The Economics of Port Breakout | Optical Communications | Corning

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The Economics of Port Breakout

The Economics of Port Breakout

Port-breakout deployments have become a popular networking tool and are driving the large industry demand for parallel optics transceivers. Today, port breakout is commonly used to operate 40/100Gbps (40/100G) parallel optics transceivers as four 10/25Gbps (10/25G) links. Breaking out parallel ports is beneficial for multiple applications, such as building large scale spine-and-leaf networks and enabling today’s high density 10/25G networks. The latter task is the focus of this article.

The Cisco Visual Networking Index predicts that Internet Protocol (IP) traffic will increase at a compound annual growth rate (CAGR) of 22 percent from 2015 to 2020, driven by explosive growth in wireless and mobile devices. All of that data is translating to growth in both enterprise and cloud data centers. This growth explains why data centers are often the earliest adopters of the fastest network speeds and are consistently searching for solutions that preserve rack and floor space. Just a few years ago, a density revolution occurred in the structured-cabling world, doubling the density of passive data center optical hardware to 288 fiber ports of either LC or MTP connectors in a 4U housing. This increase has now carried over to the switching side, where deployment of a port breakout configuration can as much as triple the port capacity of a switch card operating in a 10G or 25G network.

To understand how port breakout deployments work we must first understand the transceivers that the network is using. The dominant high-density 1Gbps (1G) and 10G transceiver is the enhanced small form-factor pluggable (SFP+). As speeds have increased to 40G, the quad small form-factor pluggable (QSFP) has become the high-density transceiver of choice. In parallel 40G applications, four 10G coppers traces run into the back of the QSFP transceiver, and four discrete 10G optics send light out of the front of the transceiver over eight fibers. This design allows a 40G transceiver to operate as either four discrete 10G links or one native 40G link.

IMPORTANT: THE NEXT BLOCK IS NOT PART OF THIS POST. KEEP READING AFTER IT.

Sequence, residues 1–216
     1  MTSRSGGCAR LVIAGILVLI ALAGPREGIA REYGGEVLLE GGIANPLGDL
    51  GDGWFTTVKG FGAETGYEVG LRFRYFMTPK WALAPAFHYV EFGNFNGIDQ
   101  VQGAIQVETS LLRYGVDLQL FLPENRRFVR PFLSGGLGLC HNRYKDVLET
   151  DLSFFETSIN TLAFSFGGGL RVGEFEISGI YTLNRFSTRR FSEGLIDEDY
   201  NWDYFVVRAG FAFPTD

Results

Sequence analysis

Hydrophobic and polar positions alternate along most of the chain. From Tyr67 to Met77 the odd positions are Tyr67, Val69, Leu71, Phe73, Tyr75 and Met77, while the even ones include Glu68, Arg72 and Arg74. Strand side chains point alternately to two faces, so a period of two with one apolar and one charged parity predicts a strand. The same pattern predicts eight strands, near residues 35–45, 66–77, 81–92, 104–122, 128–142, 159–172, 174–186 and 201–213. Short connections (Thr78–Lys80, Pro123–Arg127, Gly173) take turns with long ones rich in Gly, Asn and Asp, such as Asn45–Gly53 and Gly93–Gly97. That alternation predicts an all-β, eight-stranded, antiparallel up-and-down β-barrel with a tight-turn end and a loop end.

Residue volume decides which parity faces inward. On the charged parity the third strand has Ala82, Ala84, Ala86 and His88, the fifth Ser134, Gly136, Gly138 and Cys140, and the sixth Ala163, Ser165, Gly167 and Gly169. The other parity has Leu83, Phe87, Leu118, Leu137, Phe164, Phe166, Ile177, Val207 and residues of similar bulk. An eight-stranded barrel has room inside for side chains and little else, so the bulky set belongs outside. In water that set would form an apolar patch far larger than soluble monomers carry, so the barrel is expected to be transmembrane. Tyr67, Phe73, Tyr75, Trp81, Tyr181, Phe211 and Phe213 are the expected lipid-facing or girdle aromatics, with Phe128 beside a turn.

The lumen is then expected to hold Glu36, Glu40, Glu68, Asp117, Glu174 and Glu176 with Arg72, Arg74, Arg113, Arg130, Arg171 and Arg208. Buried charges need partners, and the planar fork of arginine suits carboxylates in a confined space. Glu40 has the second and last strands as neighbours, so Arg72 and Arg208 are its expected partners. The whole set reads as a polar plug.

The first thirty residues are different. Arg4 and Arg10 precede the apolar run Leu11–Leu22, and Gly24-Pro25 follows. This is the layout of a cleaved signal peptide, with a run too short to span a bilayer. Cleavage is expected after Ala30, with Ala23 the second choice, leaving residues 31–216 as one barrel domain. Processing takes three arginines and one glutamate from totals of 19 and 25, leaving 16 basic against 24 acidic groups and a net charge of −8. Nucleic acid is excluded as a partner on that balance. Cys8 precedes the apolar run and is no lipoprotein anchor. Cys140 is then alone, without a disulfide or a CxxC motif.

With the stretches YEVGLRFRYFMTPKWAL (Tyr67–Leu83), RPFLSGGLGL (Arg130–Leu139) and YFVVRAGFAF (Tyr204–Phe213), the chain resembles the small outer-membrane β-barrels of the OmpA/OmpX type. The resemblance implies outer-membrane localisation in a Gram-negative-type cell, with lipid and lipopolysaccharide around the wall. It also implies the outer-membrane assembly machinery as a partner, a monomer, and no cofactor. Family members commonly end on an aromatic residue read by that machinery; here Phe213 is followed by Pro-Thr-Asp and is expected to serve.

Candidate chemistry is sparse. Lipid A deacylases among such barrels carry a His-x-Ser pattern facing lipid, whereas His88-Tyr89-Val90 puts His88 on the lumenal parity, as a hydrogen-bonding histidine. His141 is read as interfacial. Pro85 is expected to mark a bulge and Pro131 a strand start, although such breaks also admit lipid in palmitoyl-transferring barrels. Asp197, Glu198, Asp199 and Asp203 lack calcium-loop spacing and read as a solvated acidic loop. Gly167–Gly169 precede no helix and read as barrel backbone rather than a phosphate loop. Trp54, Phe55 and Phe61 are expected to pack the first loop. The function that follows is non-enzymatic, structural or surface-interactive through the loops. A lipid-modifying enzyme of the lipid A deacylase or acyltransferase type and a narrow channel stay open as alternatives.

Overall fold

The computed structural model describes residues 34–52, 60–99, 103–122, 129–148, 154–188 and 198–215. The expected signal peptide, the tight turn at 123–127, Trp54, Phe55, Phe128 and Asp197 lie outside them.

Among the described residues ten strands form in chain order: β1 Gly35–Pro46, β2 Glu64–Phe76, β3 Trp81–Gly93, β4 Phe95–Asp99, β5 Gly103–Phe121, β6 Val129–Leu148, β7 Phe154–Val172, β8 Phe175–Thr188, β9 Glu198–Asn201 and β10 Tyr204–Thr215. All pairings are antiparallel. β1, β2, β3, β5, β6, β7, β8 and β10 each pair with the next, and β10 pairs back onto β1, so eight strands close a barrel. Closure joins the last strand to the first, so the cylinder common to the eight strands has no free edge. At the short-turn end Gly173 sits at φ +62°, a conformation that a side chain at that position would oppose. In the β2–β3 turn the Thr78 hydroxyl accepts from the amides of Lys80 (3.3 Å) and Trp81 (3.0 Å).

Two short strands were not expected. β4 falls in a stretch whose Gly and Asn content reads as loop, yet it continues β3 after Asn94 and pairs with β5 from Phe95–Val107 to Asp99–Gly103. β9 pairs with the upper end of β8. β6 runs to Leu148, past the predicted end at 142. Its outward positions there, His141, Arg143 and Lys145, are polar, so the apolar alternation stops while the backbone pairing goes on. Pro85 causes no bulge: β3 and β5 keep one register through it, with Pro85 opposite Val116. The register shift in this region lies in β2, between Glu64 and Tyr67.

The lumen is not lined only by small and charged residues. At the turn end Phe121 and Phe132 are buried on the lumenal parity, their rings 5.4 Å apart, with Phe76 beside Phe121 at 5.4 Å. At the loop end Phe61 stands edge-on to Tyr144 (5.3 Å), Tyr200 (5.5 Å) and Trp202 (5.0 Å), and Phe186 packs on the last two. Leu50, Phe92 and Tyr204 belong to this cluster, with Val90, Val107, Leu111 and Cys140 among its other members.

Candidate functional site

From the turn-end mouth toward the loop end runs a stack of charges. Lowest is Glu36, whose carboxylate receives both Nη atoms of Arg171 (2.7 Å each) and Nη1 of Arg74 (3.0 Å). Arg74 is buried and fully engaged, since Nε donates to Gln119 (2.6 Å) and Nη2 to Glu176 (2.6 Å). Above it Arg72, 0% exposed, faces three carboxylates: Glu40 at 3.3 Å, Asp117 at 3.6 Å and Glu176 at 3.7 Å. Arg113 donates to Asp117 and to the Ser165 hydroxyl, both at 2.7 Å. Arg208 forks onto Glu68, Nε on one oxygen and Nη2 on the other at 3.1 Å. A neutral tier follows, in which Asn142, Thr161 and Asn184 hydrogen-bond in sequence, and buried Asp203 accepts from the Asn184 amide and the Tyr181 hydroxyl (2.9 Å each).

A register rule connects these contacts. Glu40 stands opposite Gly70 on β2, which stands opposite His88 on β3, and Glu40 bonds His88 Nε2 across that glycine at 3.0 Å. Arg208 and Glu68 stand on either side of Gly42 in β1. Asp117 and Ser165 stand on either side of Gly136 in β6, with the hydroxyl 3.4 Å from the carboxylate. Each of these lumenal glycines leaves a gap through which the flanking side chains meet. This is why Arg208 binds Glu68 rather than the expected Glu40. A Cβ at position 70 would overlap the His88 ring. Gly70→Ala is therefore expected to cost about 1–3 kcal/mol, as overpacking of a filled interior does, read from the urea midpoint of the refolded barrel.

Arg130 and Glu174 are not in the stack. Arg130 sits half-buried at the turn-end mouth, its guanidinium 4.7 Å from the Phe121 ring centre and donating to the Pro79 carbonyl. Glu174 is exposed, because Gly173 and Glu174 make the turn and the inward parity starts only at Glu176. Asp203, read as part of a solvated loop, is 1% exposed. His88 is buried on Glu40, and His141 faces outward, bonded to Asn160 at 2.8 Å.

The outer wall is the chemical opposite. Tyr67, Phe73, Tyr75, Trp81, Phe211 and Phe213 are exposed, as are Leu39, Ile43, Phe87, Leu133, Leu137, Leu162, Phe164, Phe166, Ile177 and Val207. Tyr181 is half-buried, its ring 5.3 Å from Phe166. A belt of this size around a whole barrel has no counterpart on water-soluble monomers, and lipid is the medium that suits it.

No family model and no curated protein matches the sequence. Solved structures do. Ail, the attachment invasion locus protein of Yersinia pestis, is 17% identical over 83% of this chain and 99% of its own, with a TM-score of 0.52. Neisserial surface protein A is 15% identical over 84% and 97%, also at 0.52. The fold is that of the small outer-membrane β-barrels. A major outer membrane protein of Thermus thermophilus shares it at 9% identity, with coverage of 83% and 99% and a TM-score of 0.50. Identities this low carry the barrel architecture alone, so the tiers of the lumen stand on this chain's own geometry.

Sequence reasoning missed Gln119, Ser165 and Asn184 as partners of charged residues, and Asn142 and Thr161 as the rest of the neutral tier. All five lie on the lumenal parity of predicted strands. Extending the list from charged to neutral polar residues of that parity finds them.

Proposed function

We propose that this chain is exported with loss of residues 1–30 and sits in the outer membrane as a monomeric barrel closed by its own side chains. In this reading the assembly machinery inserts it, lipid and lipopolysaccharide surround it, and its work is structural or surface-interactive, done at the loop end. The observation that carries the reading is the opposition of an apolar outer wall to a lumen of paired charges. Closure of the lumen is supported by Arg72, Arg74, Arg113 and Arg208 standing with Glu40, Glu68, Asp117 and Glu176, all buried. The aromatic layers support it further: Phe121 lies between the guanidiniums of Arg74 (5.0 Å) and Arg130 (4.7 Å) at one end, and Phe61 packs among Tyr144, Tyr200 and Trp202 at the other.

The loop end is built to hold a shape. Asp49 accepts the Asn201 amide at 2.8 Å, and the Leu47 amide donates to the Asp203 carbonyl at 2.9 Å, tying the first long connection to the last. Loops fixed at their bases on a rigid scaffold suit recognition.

The first and most obvious benefit of running a 10G network over parallel ports is the density that’s achievable over a single switch line card. High-density SFP+ switch line cards typically come with a maximum of 48 ports. Today, however, you can purchase a high-density QSFP line card with 36 ports. If it operates in breakout mode, each of the 40G ports can serve as four discrete 10G ports, tripling the line card capacity to 144x10G ports on a single line card. Figures 3 and 4 show this configuration.

As previously mentioned, a 36-port 40G QSFP line card in port-breakout mode supports a total of 144x10G links, as each 40G port acts as 4x10G links. To support this same number of 10G links with traditional SFP+ transceivers, 3x48-port SFP+ line cards would be necessary, as Figure 5 shows. As the volume of 10G port-capacity requirements increase, this effect continues to grow. For every chassis fully loaded with 40G line cards operating in 10G port breakout mode, three chassis would be necessary if the network were built with traditional 48-port 10G SFP+ line cards. By deploying 40G line cards, the occupied space in the data center drops considerably.